The Babadook ★★★★

Jennifer Kent's debut film is a great little film with real metaphorical depth, depicting the supernatural in a low-key way that ramps the dread gradually to almost unbearable levels.

Part fable, part psychodrama, part haunted house, part character study; The Babadook is about Amelia (Essie Davis), a woman whose husband was killed in a car accident driving her to hospital to give birth to their son Samuel (Noah Wiseman). Seven years have passed and she is still gnawed by grief and guilt, as it is obvious she resents Samuel. These feelings are compounded by his behavioural problems. He is very clingy and has been excluded from school for taking homemade weapons into class that are meant to combat the monsters he is convinced are stalking him.

His trauma gets worse after he asks Amelia to read him a children's book entitled 'Mister Babadook' that has mysteriously appeared on the shelf. The story is a pop-up book and is a threatening tale of an undertaker-like demonic figure that will stalk his victims until he can get under their skin.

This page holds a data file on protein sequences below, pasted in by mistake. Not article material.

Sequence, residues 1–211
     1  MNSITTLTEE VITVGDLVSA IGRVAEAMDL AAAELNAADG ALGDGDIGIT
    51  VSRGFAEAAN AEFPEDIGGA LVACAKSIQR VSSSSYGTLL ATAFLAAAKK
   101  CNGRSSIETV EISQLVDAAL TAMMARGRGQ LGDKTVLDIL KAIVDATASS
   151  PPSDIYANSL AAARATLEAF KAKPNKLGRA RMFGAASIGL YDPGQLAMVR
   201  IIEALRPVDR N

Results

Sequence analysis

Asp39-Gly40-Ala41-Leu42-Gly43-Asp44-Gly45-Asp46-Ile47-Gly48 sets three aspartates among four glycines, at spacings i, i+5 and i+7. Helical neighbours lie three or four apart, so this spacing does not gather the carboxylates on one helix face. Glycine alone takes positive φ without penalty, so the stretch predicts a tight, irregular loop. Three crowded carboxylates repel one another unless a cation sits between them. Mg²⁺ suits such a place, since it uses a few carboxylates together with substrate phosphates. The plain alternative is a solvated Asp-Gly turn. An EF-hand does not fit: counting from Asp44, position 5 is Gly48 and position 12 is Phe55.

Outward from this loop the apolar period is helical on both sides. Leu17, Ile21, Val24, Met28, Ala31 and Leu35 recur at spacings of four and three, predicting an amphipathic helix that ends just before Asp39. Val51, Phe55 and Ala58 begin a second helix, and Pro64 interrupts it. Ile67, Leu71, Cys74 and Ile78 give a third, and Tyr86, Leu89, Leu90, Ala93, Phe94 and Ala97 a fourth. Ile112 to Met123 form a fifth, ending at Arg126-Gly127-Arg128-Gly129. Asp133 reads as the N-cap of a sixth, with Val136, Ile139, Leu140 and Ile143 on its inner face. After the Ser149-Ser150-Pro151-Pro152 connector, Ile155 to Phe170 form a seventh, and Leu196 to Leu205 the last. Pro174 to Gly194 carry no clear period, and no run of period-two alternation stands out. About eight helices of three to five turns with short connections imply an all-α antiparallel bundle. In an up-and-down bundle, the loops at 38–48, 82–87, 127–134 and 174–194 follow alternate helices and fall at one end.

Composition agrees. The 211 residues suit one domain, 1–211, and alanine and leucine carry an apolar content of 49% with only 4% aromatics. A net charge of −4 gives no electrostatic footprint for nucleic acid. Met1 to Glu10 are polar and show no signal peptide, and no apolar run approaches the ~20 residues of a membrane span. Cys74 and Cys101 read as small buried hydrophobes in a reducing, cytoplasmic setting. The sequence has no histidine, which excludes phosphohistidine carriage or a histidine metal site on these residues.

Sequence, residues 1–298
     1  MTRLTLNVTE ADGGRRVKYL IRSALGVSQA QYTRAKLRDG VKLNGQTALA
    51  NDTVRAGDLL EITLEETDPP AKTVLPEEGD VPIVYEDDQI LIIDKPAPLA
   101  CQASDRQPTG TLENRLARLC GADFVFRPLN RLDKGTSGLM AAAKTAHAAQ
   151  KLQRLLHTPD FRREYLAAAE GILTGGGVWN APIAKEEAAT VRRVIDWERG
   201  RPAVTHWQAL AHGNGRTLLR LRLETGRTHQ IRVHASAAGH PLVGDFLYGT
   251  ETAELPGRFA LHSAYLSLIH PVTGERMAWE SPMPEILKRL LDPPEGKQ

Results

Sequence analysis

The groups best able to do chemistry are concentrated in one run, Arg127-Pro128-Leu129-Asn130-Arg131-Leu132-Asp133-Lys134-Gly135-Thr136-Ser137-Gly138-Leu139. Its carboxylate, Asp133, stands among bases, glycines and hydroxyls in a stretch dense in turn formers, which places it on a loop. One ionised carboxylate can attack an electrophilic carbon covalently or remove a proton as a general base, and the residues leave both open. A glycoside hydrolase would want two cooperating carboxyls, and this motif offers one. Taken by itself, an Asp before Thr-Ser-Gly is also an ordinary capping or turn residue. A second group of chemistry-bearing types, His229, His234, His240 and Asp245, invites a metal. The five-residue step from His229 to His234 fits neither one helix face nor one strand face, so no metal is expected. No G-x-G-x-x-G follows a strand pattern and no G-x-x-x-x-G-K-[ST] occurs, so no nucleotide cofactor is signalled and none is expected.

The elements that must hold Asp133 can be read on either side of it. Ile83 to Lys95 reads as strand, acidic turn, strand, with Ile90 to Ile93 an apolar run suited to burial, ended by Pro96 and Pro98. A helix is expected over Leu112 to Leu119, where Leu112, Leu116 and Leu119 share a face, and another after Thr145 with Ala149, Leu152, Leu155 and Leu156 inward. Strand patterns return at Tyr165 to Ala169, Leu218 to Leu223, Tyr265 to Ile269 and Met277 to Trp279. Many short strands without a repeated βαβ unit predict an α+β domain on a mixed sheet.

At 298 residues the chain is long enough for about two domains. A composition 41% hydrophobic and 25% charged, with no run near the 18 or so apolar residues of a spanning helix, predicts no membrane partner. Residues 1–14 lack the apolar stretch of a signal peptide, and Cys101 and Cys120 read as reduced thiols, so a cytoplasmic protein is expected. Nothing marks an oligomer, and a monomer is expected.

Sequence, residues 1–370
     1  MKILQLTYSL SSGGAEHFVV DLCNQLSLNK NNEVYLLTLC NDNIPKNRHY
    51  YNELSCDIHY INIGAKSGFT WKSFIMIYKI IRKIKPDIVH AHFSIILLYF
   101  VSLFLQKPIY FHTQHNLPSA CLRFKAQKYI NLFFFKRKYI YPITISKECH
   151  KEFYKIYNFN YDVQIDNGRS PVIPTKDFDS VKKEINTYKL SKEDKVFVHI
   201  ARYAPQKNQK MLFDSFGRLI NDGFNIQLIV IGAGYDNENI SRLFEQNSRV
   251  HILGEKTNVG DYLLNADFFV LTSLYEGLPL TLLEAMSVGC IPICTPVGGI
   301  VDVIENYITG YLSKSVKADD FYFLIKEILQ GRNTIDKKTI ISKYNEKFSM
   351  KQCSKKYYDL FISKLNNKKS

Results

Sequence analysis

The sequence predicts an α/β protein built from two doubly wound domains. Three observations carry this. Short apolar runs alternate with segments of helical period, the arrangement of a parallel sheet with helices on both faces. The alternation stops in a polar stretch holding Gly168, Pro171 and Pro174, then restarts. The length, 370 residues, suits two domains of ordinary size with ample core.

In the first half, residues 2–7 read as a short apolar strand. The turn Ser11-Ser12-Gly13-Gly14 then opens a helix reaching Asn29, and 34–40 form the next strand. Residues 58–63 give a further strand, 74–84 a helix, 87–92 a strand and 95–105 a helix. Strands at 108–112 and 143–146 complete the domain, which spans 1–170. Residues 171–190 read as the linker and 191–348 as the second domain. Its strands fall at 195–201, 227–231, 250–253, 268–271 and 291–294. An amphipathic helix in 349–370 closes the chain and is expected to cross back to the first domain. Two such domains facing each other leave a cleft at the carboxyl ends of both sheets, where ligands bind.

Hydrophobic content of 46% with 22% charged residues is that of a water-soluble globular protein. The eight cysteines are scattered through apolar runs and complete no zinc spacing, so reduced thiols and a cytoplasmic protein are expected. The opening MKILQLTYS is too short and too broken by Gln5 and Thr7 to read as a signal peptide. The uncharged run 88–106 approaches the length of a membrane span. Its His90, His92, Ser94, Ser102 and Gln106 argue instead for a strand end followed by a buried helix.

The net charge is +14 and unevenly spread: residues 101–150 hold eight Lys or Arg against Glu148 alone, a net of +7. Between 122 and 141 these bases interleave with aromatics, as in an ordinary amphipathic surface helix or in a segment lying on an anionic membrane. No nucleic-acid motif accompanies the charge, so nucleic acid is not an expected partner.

The joy of this film is how the Babadook is so representative of the real, unbearable weight of grief. Even after years, Amelia hasn't adjusted, and Samuel's clingy nature is presented in such a way that we can't help but sympathise with her feelings towards him. He's a strange, other-worldy presence and the Babadook's grisly prophecy seems inevitable. Essie Davis is remarkable as Amelia. Her frayed beauty reminds me a little of Marion Cotillard's in Two Days, One Night, both ground down by mental issues and their parental competence compromised.

Whether the Babadook exists or not is open to interpretation. He's seen in soft-focus, flitting in the edges of Amelia's vision. I think the ending leans towards the Babadook being a pure allegory for Amelia's post-natal trauma and her resentment at Samuel for surviving when her husband didn't. After all, whether it's in a word, or in a book, you can't get rid of the Babadook.

I admired this film greatly. It is constantly eerie yet restrained in the manner of films like The Others and The Orphanage, yet I never felt scared by it, and it failed to really lodge in my subconscious, which is why I haven't rated it higher. It is however, marvellously assured filmmaking with pitch-perfect cinematography.

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